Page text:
Denial of rights: the need to improve accommodation and support for people with psychiatric disability

Disability Australia New South Wales

This report is about people who live in mental health facilities beyond the point at which they need to be there, and the multiple barriers that prevent them from leaving.

The consequences of this situation are significant – for the individuals themselves, and for the mental health system as a whole. Many people are being denied fundamental rights under mental health and disability legislation, including the right to live in the community and to receive support in the least restrictive environment possible. In addition, people staying longer in mental health facilities than is necessary makes it much harder for those with acute mental illness to get into these facilities to receive the clinical treatment they require.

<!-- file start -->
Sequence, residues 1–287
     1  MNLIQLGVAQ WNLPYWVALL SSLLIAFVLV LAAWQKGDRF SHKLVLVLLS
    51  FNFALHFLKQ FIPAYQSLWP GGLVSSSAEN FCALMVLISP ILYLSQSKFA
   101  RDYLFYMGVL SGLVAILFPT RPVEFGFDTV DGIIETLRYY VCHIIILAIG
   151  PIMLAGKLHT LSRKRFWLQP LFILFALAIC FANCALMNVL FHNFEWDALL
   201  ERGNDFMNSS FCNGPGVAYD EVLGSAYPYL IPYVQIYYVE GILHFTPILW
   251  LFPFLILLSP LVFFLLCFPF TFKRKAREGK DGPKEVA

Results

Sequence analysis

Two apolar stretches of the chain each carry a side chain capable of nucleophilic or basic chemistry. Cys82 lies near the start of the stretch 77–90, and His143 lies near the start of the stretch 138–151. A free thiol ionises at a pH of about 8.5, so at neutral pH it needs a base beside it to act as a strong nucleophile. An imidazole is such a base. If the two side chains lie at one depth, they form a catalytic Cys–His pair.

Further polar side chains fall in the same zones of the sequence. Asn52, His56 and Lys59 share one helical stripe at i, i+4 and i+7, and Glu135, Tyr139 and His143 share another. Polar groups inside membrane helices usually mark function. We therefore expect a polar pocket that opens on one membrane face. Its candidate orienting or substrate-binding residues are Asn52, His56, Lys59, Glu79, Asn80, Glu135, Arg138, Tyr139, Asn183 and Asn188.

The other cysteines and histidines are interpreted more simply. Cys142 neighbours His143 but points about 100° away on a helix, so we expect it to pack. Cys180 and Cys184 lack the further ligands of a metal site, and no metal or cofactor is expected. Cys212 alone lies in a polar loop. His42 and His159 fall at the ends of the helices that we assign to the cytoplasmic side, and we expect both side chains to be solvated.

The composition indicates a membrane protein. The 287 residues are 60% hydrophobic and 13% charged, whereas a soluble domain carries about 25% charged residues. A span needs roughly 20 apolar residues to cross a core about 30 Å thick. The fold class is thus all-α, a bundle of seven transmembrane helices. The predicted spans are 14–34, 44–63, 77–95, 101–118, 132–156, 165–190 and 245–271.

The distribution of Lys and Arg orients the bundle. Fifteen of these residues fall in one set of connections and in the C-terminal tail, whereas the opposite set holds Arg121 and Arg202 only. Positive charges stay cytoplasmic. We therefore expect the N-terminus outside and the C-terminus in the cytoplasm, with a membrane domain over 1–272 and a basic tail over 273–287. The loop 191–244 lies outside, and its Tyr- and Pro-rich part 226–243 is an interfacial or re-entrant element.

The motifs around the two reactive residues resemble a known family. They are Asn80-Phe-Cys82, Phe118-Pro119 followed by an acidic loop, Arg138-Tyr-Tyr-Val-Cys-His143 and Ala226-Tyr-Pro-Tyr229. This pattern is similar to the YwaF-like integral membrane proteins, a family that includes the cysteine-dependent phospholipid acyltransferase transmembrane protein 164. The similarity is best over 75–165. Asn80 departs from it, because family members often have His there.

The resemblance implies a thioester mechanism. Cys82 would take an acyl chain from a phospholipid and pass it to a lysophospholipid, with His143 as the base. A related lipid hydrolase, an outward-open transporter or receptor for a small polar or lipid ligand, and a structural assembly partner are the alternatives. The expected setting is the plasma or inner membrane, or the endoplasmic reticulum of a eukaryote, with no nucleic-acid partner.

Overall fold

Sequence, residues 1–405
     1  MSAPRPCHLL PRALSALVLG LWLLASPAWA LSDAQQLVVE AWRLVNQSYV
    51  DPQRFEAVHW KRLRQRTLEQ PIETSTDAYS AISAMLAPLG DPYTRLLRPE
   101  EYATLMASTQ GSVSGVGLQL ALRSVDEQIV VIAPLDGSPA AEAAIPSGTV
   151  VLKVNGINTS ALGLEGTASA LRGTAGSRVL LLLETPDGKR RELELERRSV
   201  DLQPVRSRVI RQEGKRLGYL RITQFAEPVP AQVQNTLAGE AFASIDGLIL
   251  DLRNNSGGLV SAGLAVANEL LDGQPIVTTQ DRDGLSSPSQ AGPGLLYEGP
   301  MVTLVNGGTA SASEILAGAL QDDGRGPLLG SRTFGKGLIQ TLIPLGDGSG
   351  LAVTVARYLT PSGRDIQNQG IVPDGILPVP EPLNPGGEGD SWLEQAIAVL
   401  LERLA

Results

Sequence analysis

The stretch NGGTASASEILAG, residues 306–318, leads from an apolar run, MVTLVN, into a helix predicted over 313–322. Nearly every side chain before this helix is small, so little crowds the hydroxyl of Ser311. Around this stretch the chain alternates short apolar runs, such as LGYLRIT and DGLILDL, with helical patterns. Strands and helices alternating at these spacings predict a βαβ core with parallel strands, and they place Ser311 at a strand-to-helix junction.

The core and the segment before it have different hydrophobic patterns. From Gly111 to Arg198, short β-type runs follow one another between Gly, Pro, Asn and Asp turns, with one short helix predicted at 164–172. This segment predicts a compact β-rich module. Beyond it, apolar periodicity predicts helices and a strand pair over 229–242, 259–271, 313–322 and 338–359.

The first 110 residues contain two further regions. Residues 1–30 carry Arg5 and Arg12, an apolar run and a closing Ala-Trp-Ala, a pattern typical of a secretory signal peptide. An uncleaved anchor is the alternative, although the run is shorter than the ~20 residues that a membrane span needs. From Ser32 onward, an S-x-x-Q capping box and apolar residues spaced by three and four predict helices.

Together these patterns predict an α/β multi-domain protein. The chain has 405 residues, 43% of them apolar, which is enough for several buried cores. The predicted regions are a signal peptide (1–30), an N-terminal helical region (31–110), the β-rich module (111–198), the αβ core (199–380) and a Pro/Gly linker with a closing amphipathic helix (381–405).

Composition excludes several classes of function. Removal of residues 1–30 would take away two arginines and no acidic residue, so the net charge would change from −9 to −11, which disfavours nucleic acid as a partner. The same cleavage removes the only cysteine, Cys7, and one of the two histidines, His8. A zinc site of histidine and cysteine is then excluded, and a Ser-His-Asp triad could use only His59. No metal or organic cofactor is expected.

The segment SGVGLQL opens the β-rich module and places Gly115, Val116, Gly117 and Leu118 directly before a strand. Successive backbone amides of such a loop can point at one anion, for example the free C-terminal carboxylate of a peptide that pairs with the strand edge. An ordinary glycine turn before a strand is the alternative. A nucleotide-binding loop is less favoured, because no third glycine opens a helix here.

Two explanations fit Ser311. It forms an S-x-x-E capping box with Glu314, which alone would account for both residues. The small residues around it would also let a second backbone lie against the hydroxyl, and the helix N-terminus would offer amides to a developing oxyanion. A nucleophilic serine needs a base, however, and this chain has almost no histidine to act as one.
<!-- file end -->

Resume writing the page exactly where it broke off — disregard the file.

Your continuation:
At the centre of this inquiry is the access of people with mental illness and psychiatric disability to disability services, and the need for Ageing, Disability and Home Care and NSW Health to work more effectively together in providing support. It is unacceptable that these individuals are substantially disadvantaged by inadequate agency cooperation.

As this report illustrates, individuals with psychiatric disability should no longer be excluded from disability services on the basis of their mental illness, or have to remain in hospital as a result of agencies not working together to meet their needs.

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